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Significance of Setting in The Great Gatsby

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Courtnie Smith

on 3 February 2016

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Transcript of Significance of Setting in The Great Gatsby

Significance of Setting on Social Class in The Great Gatsby
By:Courtnie Smith
So What?
Setting- the place or type of surroundings where something is positioned or where an event takes place
Two types of class:
- new money
-old money
Three settings:
- East Egg
- West Egg
- Valley of Ashes

West Egg
Represents new money
Where Gatsby reside
Hardworking people
Looked down upon society
East Egg
Represents old money
Where Tom & Daisy reside
Snobby & materialistic people
Look down upon people coming into their money
The Valley of Ashes
Represents poverty
Where Myrtle & Tom reside
Dr. TJ Eckleburg
Now onto the "Clash of Class"!
Gatsby vs. Daisy
The Green Light
Tom vs. Myrtle
Tom's Secret Apartment
The End.
Gatsby and Daisy love each other
Difference in class doesn't allow them to be together

Represents Gatsby's dreams and hopes of being with Daisy
Represents a barrier between Gatsby and Daisy's love for each other
Located on the dock of Daisy's house
Where Tom has his affair with Myrtle
Represents infidelity and scandal

"The one on my right was a
affair by any standard—it was a factual imitation of some Hôtel de Ville in Normandy, with a tower on one side,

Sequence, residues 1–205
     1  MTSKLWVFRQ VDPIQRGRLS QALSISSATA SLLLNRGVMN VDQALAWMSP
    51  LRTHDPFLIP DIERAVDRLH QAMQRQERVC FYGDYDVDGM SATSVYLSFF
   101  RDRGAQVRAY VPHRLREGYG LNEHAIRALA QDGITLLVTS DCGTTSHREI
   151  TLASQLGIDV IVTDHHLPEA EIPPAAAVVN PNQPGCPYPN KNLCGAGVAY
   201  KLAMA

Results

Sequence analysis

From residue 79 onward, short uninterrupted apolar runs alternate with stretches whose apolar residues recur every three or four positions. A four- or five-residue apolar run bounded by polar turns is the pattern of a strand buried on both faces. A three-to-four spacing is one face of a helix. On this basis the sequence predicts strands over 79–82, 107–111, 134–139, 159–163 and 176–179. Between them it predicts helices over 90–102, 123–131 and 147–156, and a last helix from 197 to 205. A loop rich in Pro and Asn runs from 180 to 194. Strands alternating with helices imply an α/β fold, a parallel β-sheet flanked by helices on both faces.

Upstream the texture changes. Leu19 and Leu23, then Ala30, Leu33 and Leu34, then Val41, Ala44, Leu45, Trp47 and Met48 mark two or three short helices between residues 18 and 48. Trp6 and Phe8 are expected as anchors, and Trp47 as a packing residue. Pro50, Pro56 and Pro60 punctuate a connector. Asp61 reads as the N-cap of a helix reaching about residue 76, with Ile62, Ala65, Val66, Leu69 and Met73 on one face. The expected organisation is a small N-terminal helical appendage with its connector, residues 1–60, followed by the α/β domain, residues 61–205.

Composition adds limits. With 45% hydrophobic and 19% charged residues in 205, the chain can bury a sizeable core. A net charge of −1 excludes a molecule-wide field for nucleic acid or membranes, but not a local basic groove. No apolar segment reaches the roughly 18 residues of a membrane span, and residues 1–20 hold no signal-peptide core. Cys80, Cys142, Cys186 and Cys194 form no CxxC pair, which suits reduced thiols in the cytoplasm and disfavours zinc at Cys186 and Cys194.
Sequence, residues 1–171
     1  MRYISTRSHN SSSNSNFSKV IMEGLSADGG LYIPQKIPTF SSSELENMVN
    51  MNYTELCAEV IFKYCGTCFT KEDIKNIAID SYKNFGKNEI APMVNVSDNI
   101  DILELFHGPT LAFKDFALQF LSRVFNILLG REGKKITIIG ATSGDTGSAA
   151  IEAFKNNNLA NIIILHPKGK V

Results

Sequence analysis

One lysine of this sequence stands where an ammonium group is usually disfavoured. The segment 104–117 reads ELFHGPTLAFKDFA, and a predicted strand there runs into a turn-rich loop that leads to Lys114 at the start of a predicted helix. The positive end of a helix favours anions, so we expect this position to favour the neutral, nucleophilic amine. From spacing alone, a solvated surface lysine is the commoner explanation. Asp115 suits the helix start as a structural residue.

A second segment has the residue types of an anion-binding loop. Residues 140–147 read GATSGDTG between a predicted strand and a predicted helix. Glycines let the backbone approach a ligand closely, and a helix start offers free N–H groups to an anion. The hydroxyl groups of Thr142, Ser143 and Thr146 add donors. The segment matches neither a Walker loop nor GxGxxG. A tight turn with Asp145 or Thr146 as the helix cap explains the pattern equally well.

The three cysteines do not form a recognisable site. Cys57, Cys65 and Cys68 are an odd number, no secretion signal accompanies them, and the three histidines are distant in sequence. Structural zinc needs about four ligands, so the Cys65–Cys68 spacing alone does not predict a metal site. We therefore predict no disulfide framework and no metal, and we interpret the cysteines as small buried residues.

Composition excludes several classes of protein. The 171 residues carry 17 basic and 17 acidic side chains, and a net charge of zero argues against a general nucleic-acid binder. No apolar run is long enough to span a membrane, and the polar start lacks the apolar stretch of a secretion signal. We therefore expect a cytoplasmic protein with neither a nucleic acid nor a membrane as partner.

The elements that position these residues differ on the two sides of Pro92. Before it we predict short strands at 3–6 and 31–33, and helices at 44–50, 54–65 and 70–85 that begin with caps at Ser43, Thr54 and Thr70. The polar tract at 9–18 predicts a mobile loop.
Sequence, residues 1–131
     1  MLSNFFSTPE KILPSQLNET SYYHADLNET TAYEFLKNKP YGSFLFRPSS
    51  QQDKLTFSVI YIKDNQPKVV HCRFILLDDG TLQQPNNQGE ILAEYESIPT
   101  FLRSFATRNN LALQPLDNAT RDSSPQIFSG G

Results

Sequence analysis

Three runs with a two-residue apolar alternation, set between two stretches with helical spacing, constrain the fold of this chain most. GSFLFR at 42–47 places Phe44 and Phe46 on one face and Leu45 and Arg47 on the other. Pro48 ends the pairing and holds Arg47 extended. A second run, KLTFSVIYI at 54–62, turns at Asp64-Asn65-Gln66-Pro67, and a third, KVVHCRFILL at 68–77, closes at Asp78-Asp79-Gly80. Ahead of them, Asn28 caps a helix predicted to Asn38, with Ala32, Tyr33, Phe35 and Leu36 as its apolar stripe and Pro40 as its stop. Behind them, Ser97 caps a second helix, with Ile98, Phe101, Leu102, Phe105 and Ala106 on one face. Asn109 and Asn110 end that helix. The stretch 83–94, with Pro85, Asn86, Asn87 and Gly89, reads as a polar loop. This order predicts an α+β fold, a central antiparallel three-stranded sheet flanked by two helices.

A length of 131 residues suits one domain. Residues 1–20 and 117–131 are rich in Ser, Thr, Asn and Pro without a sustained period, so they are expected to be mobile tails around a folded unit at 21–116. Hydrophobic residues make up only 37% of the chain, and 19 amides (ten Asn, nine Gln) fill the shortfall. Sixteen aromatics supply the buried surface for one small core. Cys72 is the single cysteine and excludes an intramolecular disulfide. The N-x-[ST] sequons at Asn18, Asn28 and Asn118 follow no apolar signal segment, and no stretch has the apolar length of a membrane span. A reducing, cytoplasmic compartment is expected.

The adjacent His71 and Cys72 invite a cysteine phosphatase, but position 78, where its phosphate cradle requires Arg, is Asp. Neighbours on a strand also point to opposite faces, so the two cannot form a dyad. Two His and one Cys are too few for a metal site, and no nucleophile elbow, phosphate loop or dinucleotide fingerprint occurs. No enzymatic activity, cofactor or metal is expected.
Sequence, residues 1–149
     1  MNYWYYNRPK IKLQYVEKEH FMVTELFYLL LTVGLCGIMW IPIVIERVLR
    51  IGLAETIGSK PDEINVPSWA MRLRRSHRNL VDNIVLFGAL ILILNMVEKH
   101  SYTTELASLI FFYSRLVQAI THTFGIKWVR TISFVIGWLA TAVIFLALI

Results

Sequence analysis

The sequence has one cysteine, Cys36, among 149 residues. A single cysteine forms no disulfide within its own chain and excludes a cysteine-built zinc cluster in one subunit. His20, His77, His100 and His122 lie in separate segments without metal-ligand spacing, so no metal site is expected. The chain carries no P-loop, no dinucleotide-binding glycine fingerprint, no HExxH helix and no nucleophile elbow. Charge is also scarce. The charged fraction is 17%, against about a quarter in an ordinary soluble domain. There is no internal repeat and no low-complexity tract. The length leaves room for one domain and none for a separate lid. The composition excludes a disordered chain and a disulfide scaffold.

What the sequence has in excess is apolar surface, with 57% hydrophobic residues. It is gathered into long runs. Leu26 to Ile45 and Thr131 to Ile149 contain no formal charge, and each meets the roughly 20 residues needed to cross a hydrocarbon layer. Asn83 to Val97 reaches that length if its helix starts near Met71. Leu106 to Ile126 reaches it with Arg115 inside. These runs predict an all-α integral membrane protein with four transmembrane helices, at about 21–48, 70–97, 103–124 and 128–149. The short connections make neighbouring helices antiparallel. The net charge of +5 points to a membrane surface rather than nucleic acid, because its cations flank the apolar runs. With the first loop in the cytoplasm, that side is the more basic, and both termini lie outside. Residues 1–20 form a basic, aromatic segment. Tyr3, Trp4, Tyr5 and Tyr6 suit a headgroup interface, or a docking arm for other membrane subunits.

spanking new
under a thin beard of raw ivy, and
a marble swimming pool
and more than forty acres of lawn and garden. It was Gatsby’s mansion."
"Their house was even more elaborate than I expected, a cheerful red and white
Georgian Colonial mansion
overlooking the bay. The lawn started at the beach and ran toward the front door for a quarter of a mile, jumping over sun-dials and
brick walks and burning gardens
—finally when it reached the house drifting up the side in
bright vines
as though from the momentum of its run. The front was broken by a
line of French windows
, glowing now with reflected gold, and wide open to the warm windy afternoon, and Tom Buchanan in riding clothes was standing with his legs apart on the front porch."
"This is a valley of ashes—a fantastic farm where
ashes grow
like wheat into ridges and hills and
grotesque gardens
ashes take the forms of houses
and chimneys and rising smoke and finally, with a transcendent effort, of men who move
and already
through the powdery air."
Comparison of Class
likes to show his wealth
enjoys expensive things
resembles French architect
extravagance show Tom's pride he has for himself
influenced by society; wanting to fit in

From very different social rankings

very dark
lots of ashes; starts to take over the town
Full transcript